The Problem With Sleeping Pills, Consumer Reports says, is that the benefits might be smaller than you hoped for, and the risks may be greater. In a recent survey of more than 4,023 U.S. adults, 37 percent of people who complained of sleep problems at least once per week said they had used an over-the-counter or prescription sleep drug in the previous year.
“But those benefits aren’t as great as many people assume, and the drugs have important harms,” says Lisa Schwartz, M.D., a drug-safety expert at Dartmouth’s Geisel School of Medicine in Hanover, N.H., who has worked with Consumer Reports Best Buy Drugs on investigating sleeping-pill effectiveness and safety.
“What’s more, our survey found that about half of people who take sleep aids use the drugs in potentially harmful ways—by, for example, taking them more often or longer than recommended, or combining them with other medications or supplements,” Consumer Reports wrote.
Best Buy Drugs commissioned Schwartz—who in 2013 served on an FDA advisory committee that looked at the new insomnia drug suvorexant (Belsomra)—and her colleague, Steven Woloshin, M.D., to review the evidence the FDA used to approve the drug.
“They concluded that people who took a 15- or 20-milligram dose of Belsomra every night for three months fell asleep just 6 minutes faster on average than those who took a placebo,” according to Consumer Reports. “And those on Belsomra slept on average only 16 minutes longer than people given a placebo.”
“Older prescription sleep drugs known as benzodiazepines (including Dalmane and Restoril), as well as over-the-counter sleep drugs such as Advil PM, Nytol, Sominex, Tylenol PM, and ZzzQuil, generally aren’t any better than newer drugs at helping people fall asleep or stay asleep.”
The ‘Morning After’ Effect
“Even when taken as directed, sleeping pills pose risks, including next-day drowsiness,” Consumer Reports warned.
“People take sleeping pills hoping that they will function better the next day,” Schwartz says. “But some people actually end up functioning worse—so drowsy, in fact, that driving can be dangerous—because the effects of the drug can linger.”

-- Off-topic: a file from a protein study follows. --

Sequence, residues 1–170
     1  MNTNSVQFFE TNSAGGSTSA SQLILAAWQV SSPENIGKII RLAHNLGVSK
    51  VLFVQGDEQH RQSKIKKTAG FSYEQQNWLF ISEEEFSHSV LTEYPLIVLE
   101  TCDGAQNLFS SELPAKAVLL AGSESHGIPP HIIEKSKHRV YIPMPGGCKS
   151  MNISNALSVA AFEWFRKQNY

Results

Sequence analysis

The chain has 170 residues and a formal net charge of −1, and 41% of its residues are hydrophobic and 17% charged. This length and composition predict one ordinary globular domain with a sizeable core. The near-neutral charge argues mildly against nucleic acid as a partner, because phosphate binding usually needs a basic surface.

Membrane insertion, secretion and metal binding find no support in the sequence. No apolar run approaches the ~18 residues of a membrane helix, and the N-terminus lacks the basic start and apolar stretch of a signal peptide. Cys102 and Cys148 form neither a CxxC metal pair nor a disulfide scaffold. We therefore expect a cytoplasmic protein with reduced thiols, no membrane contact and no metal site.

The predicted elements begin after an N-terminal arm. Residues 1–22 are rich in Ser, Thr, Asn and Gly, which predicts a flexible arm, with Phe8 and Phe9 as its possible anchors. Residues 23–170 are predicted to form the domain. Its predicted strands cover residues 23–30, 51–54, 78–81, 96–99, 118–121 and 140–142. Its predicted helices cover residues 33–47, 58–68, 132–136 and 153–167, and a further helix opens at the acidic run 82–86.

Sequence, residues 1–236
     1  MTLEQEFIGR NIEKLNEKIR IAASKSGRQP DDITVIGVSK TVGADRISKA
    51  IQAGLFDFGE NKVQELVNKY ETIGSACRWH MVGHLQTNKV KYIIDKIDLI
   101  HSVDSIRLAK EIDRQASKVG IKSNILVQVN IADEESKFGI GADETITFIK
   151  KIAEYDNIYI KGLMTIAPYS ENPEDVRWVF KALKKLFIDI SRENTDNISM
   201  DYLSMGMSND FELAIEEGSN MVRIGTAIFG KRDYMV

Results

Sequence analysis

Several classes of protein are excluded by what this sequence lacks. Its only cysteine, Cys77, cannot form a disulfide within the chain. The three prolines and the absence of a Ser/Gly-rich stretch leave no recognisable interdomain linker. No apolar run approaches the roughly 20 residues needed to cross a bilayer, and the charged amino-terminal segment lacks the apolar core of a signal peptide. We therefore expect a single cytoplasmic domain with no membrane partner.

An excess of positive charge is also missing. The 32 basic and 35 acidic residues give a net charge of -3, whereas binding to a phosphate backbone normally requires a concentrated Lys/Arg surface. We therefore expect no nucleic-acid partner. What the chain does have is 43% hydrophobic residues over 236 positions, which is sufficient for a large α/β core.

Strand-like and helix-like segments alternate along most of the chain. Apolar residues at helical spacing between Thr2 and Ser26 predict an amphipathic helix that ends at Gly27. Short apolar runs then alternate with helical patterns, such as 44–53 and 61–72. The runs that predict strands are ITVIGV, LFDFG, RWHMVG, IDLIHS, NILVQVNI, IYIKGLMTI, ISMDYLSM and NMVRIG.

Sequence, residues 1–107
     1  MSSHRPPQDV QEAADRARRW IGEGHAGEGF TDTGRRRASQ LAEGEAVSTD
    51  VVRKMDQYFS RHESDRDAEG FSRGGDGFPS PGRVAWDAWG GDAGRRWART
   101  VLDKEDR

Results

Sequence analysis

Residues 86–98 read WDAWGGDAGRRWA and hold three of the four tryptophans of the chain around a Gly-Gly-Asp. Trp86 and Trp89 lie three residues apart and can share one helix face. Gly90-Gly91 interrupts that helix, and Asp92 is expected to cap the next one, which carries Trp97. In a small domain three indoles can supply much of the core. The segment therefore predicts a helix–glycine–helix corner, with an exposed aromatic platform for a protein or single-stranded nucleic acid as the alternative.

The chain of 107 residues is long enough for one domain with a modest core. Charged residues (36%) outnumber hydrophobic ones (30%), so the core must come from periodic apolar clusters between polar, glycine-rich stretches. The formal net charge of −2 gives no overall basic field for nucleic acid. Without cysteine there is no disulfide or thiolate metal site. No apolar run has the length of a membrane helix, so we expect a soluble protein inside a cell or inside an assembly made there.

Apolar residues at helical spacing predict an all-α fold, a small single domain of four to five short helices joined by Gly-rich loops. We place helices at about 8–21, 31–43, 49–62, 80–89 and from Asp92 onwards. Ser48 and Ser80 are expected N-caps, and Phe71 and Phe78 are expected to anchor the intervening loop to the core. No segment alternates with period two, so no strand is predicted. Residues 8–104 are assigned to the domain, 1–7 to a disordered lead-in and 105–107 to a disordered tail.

A study published online in June 2015 by the American Journal of Public Health found that people prescribed sleeping pills were around twice as likely to be in car crashes as other people. The researchers estimated that people taking sleep drugs were as likely to have a car crash as those driving with a blood alcohol level above the legal limit.
“Several sleeping-pill instructions caution users to take the medications only if they can stay in bed for at least 7 to 8 hours,” Consumer Reports said. “And to address the dangers of next-day drowsiness, the FDA has cut in half the recommended doses for Ambien and Lunesta. The labels for Ambien CR and Belsomra 20 milligrams, in fact, caution against driving at all the day after taking the pill. Yet our survey found that about a quarter of sleep-aid users drove with less than 7 hours of sleep at least once in the previous year.”
“The need for slumber drives people to use sleep drugs in potentially dangerous ways, according to a nationally representative survey of 4,023 U.S. adults conducted by Consumer Reports in June 2015.”
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